The Egyptian armed forces, revered before the popular revolt that ousted President Hosni Mubarak, took power in February with a pledge to lead the country to free and fair elections within six months. It has since stumbled from crisis to crisis and extended the period for a handover of power to 2013.
RECENT ELECTIONS in Tunisia have moved the country closer to fulfilling the goals of the popular revolt sweeping the Middle East and North Africa. However the contrast between the calm in Tunisia and the convulsions of the post-Mubarak transitition in Egypt could not be more stark.Following the first election since mass protests forced President Zine El Abdine Ben Ali to resign in January after 23 years in power, erstwhile foes – moderate Islamists and liberal secularists – are forming a coalition government that promises to shelve disputes over religion and focus on creating jobs, writing a new constitution and reforming state institutions shaped by decades of autocracy.
In stark contrast, the transition in Egypt is marked by continued protests; civilians being tried by military tribunals; arrests of dissident voices, most recently including popular blogger Alaa Abdel Fattah; a crackdown by soldiers that killed 24 Coptic Christian demonstrators last month; and mounting suspicion that the ruling military is reluctant to relinquish power.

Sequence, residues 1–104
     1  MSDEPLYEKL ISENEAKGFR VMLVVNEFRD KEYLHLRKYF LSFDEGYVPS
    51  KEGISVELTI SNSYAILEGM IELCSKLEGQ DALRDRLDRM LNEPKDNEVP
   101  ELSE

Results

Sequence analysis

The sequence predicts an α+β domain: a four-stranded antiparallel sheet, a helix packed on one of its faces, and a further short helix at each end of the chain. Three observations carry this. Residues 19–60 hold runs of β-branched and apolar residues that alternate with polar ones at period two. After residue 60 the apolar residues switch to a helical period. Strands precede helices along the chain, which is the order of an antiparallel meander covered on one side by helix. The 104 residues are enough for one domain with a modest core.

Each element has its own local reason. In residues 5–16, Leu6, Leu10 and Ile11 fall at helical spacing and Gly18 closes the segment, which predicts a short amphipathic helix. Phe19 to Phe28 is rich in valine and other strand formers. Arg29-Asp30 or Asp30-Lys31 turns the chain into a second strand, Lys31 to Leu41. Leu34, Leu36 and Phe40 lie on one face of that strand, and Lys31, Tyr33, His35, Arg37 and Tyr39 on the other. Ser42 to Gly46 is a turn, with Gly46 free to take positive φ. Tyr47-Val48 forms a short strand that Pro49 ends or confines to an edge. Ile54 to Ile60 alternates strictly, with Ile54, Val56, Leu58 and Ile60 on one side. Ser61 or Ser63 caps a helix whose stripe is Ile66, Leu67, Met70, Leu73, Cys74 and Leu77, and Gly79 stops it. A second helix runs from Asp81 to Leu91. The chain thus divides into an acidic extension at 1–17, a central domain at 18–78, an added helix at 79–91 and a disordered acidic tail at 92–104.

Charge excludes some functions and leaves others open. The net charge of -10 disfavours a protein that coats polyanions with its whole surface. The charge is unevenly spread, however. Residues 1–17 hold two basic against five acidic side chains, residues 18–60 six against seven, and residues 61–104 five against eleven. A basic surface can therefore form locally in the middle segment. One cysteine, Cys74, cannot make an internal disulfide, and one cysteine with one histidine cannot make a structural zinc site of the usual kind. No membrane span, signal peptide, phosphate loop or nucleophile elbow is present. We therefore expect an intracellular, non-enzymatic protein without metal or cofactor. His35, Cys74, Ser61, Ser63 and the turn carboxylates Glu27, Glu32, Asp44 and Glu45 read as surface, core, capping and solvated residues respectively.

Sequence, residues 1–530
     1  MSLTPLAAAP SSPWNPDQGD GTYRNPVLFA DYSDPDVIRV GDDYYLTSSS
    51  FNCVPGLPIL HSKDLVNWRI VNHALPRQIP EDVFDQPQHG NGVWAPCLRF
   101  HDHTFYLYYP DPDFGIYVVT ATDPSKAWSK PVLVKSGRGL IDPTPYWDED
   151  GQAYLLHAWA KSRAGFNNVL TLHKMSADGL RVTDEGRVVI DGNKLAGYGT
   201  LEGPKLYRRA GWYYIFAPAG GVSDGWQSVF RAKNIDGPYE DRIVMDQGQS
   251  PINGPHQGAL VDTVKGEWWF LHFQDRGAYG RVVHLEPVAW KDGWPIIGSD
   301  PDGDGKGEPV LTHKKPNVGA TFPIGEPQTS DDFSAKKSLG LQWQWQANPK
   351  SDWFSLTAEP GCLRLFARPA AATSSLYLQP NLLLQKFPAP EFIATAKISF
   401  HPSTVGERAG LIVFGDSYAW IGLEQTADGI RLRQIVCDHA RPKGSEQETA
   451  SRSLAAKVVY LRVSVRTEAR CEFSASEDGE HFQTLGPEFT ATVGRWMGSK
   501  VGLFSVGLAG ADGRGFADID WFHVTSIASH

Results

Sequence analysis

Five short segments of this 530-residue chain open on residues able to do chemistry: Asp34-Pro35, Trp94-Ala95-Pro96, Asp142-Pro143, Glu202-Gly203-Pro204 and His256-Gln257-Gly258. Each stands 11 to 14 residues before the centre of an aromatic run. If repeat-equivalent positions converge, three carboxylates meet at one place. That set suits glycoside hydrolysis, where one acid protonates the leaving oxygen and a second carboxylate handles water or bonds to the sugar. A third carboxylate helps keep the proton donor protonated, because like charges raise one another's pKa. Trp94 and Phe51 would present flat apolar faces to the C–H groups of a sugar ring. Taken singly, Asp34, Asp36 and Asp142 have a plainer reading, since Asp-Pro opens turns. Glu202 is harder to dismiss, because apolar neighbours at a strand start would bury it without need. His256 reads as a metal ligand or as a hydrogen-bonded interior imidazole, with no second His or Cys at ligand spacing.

Between a rock and a hard place
No doubt, the complexities of government in transition have overwhelmed the 24 Mubarak-era generals that form the ruling Supreme Council of the Armed Forces (SCAF), which has been in office since Mubarak’s ousting. They have governed the country by trial and error, trying to satisfy everyone and succeeding in pleasing no one in the process.
The military’s fumbling has put it between a rock and a hard place. It wants to return to the barracks but only once it has secured its status and privileges as well as immunity from future prosecution for alleged crimes committed during the Mubarak era and the post-Mubarak transition period.